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Helper, Hinton Rowan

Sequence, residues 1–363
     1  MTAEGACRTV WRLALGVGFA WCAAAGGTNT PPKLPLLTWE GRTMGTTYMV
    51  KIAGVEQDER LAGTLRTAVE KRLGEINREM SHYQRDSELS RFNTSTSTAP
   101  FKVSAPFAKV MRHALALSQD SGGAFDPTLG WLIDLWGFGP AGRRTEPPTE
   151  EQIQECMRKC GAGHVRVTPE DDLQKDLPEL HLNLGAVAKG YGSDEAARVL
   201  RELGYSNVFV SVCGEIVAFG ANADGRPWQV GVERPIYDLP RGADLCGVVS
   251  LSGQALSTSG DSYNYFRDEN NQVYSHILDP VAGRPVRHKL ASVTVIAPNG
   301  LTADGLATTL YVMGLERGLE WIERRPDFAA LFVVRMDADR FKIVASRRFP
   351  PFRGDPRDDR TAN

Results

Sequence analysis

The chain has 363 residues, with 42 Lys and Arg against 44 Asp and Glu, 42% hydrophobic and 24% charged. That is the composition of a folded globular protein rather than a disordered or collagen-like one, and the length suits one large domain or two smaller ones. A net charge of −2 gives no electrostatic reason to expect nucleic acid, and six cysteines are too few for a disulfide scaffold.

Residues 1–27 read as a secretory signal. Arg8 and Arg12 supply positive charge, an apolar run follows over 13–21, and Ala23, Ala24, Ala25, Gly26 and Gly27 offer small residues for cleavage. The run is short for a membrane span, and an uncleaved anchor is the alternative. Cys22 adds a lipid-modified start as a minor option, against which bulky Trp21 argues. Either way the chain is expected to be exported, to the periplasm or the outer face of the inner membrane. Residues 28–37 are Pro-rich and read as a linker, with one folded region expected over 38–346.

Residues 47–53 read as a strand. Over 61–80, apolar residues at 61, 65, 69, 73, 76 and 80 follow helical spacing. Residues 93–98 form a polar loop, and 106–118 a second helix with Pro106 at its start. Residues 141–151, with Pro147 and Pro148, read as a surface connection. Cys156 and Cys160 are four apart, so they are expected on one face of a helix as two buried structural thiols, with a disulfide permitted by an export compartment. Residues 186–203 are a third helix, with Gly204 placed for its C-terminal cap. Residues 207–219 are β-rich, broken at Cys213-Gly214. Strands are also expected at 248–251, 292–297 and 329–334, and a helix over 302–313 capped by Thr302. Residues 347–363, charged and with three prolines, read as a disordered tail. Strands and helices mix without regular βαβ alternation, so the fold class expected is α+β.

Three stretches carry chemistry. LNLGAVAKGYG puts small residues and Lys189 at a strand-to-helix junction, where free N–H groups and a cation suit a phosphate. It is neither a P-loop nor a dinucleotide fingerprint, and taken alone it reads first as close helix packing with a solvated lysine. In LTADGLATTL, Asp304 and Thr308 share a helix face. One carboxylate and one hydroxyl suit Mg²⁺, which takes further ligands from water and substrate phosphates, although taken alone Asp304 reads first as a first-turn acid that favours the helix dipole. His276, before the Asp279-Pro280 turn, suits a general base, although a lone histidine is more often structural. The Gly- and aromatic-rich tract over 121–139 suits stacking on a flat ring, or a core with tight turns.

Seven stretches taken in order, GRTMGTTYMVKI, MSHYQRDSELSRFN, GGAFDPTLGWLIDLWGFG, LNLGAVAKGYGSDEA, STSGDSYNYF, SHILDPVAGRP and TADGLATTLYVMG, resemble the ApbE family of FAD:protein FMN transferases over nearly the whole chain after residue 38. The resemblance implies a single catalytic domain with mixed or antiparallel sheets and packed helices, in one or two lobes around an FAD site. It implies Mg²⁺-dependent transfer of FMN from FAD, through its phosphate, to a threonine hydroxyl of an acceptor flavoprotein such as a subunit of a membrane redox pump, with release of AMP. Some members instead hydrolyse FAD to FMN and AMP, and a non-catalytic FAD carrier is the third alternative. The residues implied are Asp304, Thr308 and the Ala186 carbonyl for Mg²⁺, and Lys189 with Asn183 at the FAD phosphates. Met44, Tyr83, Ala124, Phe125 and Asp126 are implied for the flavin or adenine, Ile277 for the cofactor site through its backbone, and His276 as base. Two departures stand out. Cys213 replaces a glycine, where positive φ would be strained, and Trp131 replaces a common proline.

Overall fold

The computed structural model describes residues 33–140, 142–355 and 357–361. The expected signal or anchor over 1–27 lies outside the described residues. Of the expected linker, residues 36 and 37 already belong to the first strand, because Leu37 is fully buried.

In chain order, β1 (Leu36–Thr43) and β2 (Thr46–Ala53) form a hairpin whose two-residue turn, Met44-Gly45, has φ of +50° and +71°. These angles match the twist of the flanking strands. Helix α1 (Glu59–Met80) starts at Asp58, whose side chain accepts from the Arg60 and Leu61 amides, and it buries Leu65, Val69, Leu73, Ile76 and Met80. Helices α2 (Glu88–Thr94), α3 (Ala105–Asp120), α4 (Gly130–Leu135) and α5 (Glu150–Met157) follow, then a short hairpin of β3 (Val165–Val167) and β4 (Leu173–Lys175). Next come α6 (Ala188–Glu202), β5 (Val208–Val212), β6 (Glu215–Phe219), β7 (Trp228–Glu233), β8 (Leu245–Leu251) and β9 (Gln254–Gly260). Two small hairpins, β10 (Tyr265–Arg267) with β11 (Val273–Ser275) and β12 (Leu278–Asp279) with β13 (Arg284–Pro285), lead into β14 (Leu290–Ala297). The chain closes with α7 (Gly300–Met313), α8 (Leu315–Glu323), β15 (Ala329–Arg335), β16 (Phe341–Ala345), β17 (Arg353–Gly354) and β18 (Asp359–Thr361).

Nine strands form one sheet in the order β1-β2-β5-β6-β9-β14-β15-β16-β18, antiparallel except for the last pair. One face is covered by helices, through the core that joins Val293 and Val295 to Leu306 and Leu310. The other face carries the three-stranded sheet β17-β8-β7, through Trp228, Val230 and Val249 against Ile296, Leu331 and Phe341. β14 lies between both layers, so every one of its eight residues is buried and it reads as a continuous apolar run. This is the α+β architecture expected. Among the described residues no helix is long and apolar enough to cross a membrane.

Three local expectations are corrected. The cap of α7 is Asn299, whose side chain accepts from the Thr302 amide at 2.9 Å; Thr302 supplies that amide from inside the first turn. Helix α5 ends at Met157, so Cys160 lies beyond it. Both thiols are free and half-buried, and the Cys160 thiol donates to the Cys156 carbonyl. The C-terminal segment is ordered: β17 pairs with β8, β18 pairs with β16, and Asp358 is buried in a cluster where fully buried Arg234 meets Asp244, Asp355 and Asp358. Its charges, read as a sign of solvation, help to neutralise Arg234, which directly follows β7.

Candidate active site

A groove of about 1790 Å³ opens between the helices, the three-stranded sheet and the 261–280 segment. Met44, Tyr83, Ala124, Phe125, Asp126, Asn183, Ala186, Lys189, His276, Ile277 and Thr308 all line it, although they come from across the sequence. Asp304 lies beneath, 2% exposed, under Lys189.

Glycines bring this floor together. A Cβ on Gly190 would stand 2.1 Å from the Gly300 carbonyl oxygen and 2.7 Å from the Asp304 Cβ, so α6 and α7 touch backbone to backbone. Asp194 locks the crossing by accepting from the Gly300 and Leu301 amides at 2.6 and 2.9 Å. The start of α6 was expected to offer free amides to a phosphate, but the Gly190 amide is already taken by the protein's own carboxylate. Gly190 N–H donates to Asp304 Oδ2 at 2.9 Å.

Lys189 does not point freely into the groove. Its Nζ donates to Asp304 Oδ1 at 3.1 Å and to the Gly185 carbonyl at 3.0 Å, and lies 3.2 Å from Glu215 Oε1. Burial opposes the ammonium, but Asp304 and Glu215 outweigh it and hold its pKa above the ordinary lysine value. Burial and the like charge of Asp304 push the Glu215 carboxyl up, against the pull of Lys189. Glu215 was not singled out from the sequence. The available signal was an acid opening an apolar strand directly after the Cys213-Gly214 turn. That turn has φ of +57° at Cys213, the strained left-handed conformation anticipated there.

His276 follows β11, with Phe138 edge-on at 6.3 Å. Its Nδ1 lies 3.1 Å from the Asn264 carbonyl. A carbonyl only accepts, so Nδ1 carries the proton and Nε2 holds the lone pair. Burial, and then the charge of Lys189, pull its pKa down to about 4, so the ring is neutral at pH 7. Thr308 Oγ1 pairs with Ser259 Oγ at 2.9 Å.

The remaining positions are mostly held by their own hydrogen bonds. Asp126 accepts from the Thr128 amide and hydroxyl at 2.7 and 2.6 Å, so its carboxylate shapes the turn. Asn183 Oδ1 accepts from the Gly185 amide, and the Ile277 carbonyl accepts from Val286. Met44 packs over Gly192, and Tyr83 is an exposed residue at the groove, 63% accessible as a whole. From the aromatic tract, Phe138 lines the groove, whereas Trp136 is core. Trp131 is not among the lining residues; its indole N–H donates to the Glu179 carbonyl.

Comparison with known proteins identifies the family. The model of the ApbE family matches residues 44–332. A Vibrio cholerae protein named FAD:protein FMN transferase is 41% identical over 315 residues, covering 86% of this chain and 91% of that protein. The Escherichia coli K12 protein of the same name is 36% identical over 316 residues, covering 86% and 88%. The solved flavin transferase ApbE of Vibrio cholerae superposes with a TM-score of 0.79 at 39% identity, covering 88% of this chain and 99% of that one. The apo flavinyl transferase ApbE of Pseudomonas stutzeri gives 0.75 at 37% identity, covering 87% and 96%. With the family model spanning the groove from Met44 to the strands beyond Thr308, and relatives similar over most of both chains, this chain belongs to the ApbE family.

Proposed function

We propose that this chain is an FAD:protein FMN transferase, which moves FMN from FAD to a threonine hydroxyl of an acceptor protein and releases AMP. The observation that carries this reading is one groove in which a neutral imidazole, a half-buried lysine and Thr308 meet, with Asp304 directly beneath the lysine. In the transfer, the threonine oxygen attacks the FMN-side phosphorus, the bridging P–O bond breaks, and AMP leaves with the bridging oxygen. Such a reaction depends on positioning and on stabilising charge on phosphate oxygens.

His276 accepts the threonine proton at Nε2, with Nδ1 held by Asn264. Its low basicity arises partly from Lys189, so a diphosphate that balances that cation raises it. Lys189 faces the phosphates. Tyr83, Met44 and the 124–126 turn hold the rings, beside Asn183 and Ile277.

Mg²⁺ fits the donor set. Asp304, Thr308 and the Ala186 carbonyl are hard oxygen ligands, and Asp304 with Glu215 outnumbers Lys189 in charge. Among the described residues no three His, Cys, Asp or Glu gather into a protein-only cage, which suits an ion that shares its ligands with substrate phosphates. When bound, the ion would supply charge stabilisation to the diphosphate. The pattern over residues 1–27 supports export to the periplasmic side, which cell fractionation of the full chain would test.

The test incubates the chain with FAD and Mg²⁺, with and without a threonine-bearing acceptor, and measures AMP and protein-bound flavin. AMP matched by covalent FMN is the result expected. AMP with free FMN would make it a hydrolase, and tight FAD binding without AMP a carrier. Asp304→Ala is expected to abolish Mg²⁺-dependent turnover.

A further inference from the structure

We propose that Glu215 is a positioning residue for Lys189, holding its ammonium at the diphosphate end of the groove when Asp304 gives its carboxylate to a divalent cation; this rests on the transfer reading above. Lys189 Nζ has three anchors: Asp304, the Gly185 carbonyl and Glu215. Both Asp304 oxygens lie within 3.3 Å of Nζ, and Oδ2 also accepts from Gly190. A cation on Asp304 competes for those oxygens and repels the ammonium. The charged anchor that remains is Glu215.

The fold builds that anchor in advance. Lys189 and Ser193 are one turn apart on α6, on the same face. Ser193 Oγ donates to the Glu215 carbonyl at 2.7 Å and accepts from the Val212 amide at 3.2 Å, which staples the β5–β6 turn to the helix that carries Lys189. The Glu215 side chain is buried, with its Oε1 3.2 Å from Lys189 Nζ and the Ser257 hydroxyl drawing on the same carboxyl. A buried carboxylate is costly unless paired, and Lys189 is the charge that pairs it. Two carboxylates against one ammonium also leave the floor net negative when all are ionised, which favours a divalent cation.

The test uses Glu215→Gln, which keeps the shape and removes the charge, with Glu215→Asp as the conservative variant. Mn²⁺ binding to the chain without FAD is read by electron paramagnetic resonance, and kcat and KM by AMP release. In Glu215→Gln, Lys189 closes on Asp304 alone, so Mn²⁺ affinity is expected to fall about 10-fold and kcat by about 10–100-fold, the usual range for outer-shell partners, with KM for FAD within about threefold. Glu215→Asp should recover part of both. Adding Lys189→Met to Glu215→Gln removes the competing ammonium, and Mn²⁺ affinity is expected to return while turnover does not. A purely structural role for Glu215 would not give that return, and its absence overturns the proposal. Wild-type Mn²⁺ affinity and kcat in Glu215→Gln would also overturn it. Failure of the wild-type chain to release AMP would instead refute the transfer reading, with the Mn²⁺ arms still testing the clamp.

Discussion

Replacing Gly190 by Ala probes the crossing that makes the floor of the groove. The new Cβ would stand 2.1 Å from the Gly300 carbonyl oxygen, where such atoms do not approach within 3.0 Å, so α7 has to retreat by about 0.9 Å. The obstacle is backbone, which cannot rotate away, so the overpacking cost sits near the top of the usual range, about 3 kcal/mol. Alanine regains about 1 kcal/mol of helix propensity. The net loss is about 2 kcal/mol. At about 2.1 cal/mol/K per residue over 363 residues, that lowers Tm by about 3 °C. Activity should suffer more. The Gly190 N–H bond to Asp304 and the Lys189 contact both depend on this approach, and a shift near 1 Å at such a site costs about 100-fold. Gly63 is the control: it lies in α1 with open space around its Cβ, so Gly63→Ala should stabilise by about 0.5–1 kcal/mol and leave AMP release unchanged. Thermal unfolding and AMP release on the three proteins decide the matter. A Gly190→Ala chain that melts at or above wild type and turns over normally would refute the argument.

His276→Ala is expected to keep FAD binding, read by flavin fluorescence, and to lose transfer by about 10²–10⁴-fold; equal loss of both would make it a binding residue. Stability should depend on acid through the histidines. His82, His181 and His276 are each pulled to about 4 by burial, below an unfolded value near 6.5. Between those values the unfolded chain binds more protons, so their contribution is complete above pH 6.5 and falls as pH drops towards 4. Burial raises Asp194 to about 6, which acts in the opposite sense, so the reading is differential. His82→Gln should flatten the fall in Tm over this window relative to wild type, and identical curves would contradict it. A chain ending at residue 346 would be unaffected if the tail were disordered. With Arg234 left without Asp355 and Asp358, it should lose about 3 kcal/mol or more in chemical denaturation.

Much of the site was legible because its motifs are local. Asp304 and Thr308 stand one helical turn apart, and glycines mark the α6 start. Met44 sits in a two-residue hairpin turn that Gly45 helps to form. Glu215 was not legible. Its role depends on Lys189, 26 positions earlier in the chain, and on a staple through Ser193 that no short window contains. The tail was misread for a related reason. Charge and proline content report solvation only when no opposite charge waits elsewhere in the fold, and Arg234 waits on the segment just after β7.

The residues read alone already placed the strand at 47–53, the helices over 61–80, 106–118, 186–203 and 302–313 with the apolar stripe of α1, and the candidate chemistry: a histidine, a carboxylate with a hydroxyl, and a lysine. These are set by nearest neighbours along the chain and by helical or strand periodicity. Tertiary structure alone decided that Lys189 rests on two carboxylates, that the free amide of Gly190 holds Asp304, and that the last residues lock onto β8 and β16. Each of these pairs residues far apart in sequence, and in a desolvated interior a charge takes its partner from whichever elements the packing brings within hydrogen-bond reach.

Hinton Rowan Helper (1829-1909) was born near Mocksville, NC, educated at the Mocksville Academy, and apprenticed to Michael Brown, a printer in Salisbury. Failing as a prospector in the California gold fields, Helper nevertheless used the experience for his first book California Land of Gold: Reality vs. Fiction (1855), in which he advocated the extension of slavery. His second book The Impending Crisis of the South: How to Meet It (1857) was an abolitionist work intended to help elect Abraham Lincoln president in 1860. In this book Helper argued against slavery from the belief that slavery ruined the Southern economy and demoralized slave owners. In 1861 Helper accepted a counsular appointment to Buenos Aires, where he married Maria Louisa Rodriguez. After the Civil War he lived in Asheville, New York, St. Louis, and Washington, D.C. He published five additional books but became increasingly unstable after 1890, when his wife became blind and returned to South America with their son. Helper committed suicide and was buried in an unmarked, donated plot, with his burial expenses paid for by the Authors Society of New York (Dictionary of North Carolina Biography 3:97-98)